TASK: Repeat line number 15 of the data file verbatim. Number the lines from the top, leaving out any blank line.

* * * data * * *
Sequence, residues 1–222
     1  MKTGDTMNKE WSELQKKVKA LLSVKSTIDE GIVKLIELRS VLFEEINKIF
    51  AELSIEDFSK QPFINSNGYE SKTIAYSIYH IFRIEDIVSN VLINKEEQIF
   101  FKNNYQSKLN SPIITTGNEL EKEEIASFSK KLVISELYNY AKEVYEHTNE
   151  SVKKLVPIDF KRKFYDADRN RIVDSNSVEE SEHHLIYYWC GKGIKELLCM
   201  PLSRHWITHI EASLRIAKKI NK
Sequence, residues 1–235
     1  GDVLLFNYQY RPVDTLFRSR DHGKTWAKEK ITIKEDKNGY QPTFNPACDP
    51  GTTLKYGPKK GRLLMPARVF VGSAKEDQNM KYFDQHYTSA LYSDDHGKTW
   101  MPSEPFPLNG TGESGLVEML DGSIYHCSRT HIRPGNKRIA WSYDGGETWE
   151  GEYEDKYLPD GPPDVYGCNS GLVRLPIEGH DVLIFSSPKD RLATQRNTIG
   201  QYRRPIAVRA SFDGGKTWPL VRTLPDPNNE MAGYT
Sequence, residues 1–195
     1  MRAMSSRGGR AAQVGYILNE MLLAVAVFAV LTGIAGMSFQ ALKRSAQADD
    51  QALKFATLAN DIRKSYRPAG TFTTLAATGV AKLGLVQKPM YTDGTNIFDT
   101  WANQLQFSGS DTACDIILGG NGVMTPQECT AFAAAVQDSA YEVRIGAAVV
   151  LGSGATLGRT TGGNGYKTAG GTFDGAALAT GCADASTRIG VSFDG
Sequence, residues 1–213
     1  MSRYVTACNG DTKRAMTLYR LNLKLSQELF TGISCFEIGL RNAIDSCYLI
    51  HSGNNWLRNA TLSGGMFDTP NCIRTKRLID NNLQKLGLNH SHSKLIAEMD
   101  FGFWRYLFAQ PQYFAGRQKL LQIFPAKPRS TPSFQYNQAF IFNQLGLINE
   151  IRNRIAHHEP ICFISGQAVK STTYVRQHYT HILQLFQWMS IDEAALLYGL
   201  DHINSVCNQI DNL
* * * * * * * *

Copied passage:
    51  QALKFATLAN DIRKSYRPAG TFTTLAATGV AKLGLVQKPM YTDGTNIFDT